By Kimbrell J. Hines
At your next visit to a barn or show, look around, and you will probably see at least one “WARNING” sign citing the state’s equine law. Aside from Maryland and California, every state has an equine law. These laws limit the legal remedies for lawsuits seeking damages for horse-related injuries. Despite popular belief, most equine laws only offer limited protection, leaving many who do not take proper steps to protect themselves exposed to liability.
Contrary to popular belief, equine laws do not prevent horse owners and professionals from being sued. Instead, these laws provide a statutory defense that can be asserted by a defendant to a lawsuit. Even if successful with a statutory defense, defending a lawsuit can be stressful, time-consuming, and expensive. In some states, to be protected under the law, a horse owner or professional must obtain a written document with the law’s warning notice clearly printed on it signed by the participant, or post a sign stating the law in a visible location near the equine activity.
Additionally, many state equine laws exempt certain activities from their protections. Most state equine laws do not provide protection if a horse owner or professional acted carelessly about the safety of a participant, provided faulty tack or equipment, did not determine the ability of the participant in handling a particular horse, failed to warn someone of a dangerous condition, or intentionally injured the participant.
For activities not covered under state law, horse owners and professionals should have appropriate insurance coverage and use a liability release agreement (commonly called a waiver).
Benefits of Equine Laws
Although equine laws do not prohibit lawsuits or protect all activities, they do offer significant benefits. First, equine laws generally protect equine owners and professionals (including activity sponsors) from liability if an injury results from an “inherent risk” of horses. An inherent risk is a risk that is unavoidable, no matter how careful a person is. Equine laws generally protect against inherent risks resulting from any of the following.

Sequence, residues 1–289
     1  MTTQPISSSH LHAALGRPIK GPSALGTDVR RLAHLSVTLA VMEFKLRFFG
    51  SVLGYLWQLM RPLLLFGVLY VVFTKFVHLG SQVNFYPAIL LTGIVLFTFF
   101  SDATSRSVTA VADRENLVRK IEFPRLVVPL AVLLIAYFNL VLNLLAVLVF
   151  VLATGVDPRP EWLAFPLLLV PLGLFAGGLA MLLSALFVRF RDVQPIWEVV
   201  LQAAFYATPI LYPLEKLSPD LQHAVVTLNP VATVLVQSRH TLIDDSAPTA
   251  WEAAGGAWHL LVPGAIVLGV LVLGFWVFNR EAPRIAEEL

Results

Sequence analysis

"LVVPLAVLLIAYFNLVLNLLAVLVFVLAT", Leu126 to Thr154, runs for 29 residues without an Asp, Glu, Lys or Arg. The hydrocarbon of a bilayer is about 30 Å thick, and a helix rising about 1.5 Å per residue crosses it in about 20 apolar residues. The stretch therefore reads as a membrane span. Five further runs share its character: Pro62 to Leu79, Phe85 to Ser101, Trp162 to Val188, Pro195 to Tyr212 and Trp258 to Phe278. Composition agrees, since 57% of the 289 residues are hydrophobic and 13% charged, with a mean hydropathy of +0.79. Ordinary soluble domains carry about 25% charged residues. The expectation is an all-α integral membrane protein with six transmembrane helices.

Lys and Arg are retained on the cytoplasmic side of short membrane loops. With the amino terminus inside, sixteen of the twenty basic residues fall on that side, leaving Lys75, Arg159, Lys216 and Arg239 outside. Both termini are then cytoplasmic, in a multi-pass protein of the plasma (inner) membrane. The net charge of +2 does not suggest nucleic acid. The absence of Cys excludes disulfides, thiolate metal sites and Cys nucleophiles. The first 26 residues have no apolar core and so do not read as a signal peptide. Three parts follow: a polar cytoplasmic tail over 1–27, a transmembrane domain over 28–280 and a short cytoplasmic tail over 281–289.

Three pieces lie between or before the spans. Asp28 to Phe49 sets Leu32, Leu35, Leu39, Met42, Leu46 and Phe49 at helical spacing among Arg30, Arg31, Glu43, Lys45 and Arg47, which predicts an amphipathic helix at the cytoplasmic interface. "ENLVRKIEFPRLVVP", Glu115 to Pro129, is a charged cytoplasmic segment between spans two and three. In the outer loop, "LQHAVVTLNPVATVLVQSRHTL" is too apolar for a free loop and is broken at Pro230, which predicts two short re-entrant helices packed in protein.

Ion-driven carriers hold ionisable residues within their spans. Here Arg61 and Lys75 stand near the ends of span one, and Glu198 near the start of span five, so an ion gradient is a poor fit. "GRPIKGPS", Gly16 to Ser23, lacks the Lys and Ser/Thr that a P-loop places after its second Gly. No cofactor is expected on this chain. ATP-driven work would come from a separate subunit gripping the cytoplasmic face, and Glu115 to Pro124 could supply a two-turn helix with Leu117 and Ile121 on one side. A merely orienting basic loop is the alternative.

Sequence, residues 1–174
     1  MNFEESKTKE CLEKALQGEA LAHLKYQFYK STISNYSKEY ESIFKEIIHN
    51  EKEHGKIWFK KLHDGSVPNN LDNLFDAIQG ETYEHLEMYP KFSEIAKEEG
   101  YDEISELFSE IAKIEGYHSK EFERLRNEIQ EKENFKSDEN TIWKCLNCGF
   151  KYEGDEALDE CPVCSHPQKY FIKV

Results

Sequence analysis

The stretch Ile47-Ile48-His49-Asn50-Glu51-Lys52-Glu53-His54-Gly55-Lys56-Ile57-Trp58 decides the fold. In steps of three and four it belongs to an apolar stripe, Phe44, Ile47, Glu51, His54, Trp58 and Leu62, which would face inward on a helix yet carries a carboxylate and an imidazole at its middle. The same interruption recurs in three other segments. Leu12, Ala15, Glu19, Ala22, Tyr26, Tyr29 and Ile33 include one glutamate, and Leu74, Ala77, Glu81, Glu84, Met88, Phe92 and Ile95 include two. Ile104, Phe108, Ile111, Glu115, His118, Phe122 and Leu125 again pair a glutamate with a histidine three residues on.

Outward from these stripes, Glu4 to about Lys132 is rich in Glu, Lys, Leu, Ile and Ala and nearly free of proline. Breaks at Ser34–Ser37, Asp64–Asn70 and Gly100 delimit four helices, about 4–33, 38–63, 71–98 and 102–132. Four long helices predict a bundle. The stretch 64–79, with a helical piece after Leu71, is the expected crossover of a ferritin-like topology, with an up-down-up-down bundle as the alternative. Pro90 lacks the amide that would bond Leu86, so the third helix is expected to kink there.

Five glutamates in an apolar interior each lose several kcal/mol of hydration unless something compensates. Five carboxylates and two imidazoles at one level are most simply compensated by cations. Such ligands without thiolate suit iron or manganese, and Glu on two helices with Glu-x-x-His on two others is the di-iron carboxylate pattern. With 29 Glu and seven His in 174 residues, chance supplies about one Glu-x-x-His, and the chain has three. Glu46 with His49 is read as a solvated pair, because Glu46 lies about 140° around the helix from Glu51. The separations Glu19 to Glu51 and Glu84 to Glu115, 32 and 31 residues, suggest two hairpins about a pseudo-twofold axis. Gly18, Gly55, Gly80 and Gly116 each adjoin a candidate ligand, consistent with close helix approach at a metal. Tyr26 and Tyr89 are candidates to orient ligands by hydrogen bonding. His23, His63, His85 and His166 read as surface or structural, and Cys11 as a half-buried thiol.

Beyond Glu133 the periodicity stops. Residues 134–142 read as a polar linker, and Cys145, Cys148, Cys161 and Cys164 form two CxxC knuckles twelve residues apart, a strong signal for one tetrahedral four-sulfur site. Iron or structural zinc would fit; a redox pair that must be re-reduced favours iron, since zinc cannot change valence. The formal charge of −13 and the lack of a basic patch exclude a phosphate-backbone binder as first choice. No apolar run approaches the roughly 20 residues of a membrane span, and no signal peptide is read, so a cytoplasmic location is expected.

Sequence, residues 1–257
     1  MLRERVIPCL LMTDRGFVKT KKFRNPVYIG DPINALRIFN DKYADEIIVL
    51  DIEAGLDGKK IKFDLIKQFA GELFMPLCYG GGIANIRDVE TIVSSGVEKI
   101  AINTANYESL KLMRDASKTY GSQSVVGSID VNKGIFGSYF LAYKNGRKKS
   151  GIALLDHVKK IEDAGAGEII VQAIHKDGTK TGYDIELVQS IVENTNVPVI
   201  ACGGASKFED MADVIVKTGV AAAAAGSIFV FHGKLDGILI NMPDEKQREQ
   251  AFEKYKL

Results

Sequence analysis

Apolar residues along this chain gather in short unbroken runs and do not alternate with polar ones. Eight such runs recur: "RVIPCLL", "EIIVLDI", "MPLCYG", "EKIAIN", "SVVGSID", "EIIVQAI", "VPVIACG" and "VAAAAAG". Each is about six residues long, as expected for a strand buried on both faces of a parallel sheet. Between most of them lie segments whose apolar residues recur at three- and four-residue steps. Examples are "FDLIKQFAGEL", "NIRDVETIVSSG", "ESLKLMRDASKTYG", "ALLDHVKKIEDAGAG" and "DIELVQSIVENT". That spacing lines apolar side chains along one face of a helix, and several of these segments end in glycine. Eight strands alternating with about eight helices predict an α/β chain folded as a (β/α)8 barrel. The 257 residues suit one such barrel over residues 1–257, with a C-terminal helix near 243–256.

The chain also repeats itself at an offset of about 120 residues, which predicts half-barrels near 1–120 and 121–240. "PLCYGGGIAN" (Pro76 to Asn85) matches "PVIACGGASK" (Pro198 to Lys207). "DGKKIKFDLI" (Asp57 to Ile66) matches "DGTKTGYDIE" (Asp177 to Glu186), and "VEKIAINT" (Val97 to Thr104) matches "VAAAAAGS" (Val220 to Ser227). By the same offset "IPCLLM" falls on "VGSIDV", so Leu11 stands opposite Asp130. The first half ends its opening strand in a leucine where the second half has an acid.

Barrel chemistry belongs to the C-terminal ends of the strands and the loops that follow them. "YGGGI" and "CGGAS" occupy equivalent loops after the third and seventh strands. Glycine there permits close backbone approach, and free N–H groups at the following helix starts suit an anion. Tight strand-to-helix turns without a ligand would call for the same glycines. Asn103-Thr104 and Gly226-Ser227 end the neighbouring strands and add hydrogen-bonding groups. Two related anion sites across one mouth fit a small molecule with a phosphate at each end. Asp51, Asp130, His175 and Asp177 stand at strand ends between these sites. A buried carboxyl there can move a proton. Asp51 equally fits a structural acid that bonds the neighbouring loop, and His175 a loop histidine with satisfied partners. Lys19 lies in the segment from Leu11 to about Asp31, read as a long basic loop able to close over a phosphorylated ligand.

One, the likelihood of a horse behaving in a way that may cause injury, harm, or death to a person around it, like bucking, kicking, rearing, or biting. Two, the unpredictability of a horse’s reaction to sounds, sudden movement, people, other animals, or unfamiliar objects, like horses spooking, like horses spooking at plastic bags or the sign in the corner they walk past daily. Three, hazards on the property, like holes in the arena or field or wet pavement. And finally, collisions with other equines or objects, like the crowded warm-up pen.
Next, equine laws provide a legal defense to negligence suits arising from horse-related injuries based on the theory that the injured person assumed the risk of choosing to be near horses. Negligence is the failure to take proper care in doing something. Equine laws recognize horses can be dangerous and involve risk, and no matter how careful someone may be, even the most gentle and well-trained horses, are unpredictable. If the statutory defense is successfully asserted, the possible damages available to the person suing will be reduced and or even denied. Again, having a waiver provides additional support for the defense that the injured party accepted the risk.